The Sad Song

She’s gone

I’m listening to Hall and Oates and ‘She’s Gone‘ while I write this. I received a Greatest Hits cd for Christmas (a gentle joke) because I had recently told the story of how some of my fishing buddies once threw my Hall and Oates collection out of a speeding car one wild weekend during the early 1980’s. The mere possession of blue-eyed soul was apparently enough in those days to seriously impugn your manhood. I don’t quite remember why and it doesn’t really matter.

The point is that She’s Gone is a sad song. It’s a sad song for me because someone I valued had just walked out of my life right around the time that tune was getting a lot of radio airplay. This is, of course, how sad songs work. They hit you at the right time and they stick there forever. They are emotional, individual fingerprints, a kind of syncopated scar. It doesn’t take much…a clever evocative lyric, just the right combination of notes… and that song will go straight home. It’s a musical land mine that can lie buried for years. We all have these tuneful touchstones, though they are often very different. My sad song is not likely your sad song.

Gladys Knight and the Pips had a very sad song with Neither One of Us. It’s hard for me to listen to Neither One of Us without getting a tad verklempt. I’ve written on this blog before about Whitney Houston’s Why Does it Hurt So Bad. I don’t have a melancholy memory connected with that particular song but it’s still a killer. When she was on her game, Whitney could break your heart by proxy.

In 1970 The Fifth Dimension had a big hit with a Burt Bacharach sad song, One Less Bell to Answer. At 17, I lost a girl to that one but as fate would have it I got that same woman back many, many years later. I got her back to the Bee Gees’ How Deep is Your Love.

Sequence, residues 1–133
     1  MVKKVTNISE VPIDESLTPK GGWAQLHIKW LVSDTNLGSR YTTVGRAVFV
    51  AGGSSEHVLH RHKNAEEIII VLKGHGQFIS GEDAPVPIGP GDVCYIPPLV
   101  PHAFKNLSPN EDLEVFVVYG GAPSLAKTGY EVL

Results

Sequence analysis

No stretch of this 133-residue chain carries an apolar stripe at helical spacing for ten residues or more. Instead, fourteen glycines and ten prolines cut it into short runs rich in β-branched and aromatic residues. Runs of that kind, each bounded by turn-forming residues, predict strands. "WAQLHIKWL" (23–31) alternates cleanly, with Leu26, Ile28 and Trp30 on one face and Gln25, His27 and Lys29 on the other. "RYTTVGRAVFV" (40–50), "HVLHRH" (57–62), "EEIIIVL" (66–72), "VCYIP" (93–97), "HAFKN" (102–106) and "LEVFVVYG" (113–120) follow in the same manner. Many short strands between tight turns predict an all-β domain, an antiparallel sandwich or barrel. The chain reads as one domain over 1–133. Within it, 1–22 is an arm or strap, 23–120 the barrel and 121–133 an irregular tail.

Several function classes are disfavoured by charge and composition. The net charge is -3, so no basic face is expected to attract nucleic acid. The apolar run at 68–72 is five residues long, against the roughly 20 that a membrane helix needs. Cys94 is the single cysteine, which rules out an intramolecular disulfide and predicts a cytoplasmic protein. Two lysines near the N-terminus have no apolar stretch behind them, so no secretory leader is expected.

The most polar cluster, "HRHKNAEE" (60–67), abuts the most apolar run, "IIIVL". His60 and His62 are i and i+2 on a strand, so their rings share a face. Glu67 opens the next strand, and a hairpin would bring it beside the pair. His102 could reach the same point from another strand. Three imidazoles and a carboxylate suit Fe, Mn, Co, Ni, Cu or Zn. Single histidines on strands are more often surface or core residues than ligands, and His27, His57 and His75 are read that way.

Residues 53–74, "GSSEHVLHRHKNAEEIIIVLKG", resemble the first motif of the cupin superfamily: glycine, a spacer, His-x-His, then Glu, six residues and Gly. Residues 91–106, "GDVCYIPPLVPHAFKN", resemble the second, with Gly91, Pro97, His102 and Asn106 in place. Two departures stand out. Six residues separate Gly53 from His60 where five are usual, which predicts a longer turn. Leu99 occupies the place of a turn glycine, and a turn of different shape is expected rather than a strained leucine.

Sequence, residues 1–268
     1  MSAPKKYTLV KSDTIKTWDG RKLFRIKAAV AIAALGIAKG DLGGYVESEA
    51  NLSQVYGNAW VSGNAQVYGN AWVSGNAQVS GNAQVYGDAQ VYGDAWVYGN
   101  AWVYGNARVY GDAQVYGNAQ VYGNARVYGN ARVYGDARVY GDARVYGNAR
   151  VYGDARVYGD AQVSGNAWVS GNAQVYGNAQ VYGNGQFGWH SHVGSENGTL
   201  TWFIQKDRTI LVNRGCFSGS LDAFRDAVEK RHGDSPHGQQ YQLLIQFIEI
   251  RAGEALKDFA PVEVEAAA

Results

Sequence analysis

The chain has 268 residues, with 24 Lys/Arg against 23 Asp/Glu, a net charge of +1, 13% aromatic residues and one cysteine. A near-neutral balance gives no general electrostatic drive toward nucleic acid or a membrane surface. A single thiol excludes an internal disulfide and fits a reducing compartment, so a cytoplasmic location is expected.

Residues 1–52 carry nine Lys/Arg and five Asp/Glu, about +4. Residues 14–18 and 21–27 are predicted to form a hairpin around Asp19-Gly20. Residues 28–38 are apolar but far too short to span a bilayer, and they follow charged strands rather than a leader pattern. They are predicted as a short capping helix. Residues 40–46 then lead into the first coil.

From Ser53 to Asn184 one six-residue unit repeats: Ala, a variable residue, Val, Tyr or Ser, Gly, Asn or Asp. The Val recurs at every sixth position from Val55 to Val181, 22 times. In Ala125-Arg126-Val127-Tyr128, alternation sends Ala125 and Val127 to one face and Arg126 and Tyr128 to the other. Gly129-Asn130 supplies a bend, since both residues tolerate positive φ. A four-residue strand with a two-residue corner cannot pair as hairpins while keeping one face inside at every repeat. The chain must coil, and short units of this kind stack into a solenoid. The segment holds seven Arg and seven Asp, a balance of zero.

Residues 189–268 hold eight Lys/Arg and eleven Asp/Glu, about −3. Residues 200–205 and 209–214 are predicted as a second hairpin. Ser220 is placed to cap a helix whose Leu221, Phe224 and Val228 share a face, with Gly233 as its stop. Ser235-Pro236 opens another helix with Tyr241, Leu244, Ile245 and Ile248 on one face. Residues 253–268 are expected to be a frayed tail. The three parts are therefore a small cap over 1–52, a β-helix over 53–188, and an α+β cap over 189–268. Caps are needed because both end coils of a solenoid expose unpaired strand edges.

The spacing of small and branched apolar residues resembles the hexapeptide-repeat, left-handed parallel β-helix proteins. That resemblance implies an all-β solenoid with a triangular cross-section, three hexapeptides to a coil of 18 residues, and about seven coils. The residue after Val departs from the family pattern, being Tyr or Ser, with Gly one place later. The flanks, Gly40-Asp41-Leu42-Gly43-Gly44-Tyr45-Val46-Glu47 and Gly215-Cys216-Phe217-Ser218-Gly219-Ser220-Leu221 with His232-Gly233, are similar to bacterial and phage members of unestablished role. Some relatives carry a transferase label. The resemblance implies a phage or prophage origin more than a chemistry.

We’ve been married 30 years.

Nothing quite tracks your life like the tracks of your life.

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7 Responses to “The Sad Song”

  1. Dial Twister Says:

    Two things, Dave. I’m enjoying your interaction with your Morning Show co-hosts. The twinkle in your eyes says it all. 😉 It’s great to have an alternative program in the mornings.

    And, as a Hall and Oates fan, you need to drop in to Daryl’s house some time soon – http://www.livefromdarylshouse.com/archive.html

    It’s worth the visit.

  2. Claude Wallace Says:

    Dave, it sounds like you’re enjoying the challenge of new colleagues. Wonderful!

    My sad song is from an early 90s masterpiece by Mary Chapin Carpenter. The album is “Stones in the Road”; the song, “John Doe No. 24”. I can barely name the song without welling up. The power of this song with it’s evocation of loss and longing gets me every time. The whole disc is beautifully written and played.

  3. jim haskins Says:

    Dave, just for the record, we threw out more than just your Hall and Oates material. We also threw out almost every 8 track you owned. Each mellow, sleepy, boring, “you are way too young to be listening to this crap” 8 track went sailing through the sunroof of your Volvo, finding a suitable resting place in the passing lane of the 401. Ah, memories! Best of luck in the new gig. Cheers, Jim (Red).

  4. hi Dave,

    30 years and still together……CONGRATS! Hubby and I are going on 37. John Barry’s music can make me sad…….esp. the Chaplin soundtrack. Never was a Hall and Oats fan…….more a James Taylor, Carol King sorta gal. Although now that I’m older I prefer listening to Jazz………….Charlie Hayden, Pat Metheny……….that sort of stuff.

    Gail

    • Yes…and I find myself turning to latin music. Antonio Carlos Jobim. Bebel Gilberto. Was always a big Eumir Deodato fan. Wouldn’t take much to get me to Rio.

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